I watch a man trot down the slippery slope, not even with poles. I ignore the probability that he is forty-five years younger than I am. I’m not planning to go on to the basin as I did last time I was here, but I decide to go at least to the fork in the trail that goes down to the river. It’s closer than I expected. I decide to go on down to the bridge. Then, what the heck, I’m in need of a victory, I’m here, I’m going.

I don’t know how deep the river is here near its source, but it is a thundering marvel for such a narrow body of water. Or maybe that is why it thunders.

The slippery slope—with poles—is no problem. I walk to the end of the maintained trail, wishing I had remembered to bring my new binoculars to view the ice cave closer. I did it!

The awesome power of nature, and the very long history of the earth’s formation, is evident here like no place else I’ve ever been. The Emmons Glacier, one of twenty-five on Mt. Rainier, has the largest surface area of any glacier in the contiguous US. What looks like rock here, is really ice. A rockfall from Little Tahoma in 1963, covered the lower glacier, insulating it from melting. For forty years, the glacier was actually advancing, but is now receding again.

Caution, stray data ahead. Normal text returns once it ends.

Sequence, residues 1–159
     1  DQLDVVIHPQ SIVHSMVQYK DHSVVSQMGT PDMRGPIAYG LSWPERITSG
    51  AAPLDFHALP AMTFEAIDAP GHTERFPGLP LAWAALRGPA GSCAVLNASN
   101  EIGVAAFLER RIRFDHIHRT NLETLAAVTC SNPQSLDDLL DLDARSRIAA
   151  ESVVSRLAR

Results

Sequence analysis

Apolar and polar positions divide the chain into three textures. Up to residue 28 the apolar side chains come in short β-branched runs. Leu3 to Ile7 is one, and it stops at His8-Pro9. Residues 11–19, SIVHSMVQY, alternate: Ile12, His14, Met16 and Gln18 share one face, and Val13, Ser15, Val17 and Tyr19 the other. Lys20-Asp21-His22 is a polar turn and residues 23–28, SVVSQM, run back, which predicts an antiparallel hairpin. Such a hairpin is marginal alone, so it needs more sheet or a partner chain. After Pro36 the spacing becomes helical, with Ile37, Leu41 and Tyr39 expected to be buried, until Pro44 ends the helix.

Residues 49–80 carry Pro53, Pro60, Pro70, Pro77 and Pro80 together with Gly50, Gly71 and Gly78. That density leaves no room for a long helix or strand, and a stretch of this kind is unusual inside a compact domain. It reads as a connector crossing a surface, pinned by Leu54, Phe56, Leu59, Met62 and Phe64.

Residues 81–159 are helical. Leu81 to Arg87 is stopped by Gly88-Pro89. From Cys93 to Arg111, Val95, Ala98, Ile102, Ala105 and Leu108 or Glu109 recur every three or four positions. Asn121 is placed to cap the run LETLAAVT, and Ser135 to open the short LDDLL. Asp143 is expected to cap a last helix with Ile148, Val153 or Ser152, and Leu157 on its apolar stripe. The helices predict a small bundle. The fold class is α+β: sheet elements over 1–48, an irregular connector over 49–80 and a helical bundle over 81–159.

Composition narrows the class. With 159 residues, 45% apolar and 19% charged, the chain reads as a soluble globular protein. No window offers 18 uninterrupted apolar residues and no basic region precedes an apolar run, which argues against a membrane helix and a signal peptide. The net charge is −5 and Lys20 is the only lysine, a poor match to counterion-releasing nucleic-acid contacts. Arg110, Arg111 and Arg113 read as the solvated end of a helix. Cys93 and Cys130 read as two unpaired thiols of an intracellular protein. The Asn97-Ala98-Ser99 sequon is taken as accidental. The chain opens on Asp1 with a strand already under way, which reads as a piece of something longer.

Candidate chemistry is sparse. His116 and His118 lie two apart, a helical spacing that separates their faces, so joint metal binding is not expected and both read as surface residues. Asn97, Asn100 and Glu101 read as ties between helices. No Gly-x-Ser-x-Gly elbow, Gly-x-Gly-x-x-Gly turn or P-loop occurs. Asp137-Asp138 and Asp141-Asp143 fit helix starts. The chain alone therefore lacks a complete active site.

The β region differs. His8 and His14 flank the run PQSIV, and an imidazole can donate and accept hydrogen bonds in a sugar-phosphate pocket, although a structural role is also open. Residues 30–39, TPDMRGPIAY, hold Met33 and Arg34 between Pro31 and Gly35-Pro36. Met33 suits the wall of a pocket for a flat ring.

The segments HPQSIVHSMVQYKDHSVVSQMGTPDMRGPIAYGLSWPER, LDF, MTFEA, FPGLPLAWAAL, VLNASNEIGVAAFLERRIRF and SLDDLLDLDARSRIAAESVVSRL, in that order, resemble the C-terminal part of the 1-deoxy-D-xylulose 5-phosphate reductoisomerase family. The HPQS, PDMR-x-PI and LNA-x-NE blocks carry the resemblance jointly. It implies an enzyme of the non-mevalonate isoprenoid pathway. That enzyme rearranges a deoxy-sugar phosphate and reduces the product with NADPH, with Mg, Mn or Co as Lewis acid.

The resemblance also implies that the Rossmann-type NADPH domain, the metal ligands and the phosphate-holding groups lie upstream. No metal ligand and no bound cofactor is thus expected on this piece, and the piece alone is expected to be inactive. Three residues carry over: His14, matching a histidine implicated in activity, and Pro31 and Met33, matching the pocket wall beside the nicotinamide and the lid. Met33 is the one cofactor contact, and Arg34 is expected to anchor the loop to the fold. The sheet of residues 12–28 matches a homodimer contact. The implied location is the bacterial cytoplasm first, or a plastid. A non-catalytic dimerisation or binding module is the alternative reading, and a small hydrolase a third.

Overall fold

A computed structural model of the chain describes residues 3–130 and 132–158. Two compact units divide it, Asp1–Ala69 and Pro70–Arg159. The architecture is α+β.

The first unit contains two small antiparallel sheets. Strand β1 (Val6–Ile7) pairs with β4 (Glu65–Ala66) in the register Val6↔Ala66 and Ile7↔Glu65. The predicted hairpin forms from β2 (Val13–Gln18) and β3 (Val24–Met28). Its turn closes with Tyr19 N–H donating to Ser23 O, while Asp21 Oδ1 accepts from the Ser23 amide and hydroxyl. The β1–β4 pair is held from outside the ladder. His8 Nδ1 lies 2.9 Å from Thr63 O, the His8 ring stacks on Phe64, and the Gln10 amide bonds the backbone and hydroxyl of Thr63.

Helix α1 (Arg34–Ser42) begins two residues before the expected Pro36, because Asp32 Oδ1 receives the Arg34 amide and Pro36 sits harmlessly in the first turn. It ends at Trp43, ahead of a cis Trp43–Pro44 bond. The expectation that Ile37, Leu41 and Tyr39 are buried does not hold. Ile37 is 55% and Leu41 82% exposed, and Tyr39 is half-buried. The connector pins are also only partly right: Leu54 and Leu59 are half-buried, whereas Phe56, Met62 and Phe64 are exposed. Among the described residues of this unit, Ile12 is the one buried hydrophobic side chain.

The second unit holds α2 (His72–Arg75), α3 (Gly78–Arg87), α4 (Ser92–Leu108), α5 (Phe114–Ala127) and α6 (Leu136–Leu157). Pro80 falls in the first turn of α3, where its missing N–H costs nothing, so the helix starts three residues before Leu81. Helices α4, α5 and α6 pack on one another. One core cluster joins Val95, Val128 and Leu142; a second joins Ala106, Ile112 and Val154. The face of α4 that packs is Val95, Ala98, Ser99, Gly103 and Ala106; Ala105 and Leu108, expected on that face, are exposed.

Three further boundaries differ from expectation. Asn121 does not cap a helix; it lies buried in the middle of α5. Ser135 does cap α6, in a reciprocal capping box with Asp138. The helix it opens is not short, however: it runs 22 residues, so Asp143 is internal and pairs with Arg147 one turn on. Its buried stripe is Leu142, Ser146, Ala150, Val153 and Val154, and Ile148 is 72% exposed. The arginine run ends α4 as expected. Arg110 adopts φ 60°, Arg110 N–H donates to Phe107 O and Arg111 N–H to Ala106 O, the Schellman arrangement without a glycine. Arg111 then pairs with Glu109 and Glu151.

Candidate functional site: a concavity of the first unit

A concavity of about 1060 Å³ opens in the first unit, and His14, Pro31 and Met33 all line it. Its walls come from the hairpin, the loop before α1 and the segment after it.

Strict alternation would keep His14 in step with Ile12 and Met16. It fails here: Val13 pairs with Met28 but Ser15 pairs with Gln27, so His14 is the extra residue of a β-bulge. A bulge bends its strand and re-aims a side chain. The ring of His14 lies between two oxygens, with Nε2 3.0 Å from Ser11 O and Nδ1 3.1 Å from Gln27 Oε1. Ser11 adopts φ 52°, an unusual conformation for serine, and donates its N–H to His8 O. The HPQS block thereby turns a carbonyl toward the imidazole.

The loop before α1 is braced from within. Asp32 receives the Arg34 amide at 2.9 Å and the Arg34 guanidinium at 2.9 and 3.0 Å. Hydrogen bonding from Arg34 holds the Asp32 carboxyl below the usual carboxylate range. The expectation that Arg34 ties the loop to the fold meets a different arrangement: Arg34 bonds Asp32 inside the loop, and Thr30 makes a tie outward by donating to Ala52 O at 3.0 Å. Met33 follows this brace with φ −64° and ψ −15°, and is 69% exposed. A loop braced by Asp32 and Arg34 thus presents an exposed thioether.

Maybe I could navigate that washout, holding onto trees, but I am complete. I turn back. (Back home, I read trip reports that say the view doesn’t get any better beyond the washout, and there is no reason to continue.)

And now I remember the details of the slippery slope. It was the down part, especially that hairpin turn. Yikes. I move with glacial slowness, hoping the young woman who just crossed the bridge on her own return isn’t watching. Or maybe I hope she is, and will make sure I get down. I’m pleased that it is no longer the height and the narrow trail on the edge that scares me—aeroacrophobia is a thing of the past—but of my foot slipping. I plant each pole with each step before I move my foot. I don’t care if the young woman is rolling her eyes. Maybe she will be hiking when she’s 69 and maybe she won’t be. But I want to be hiking when I’m 79, and I for sure won’t be if I shatter a hip—or worse—now.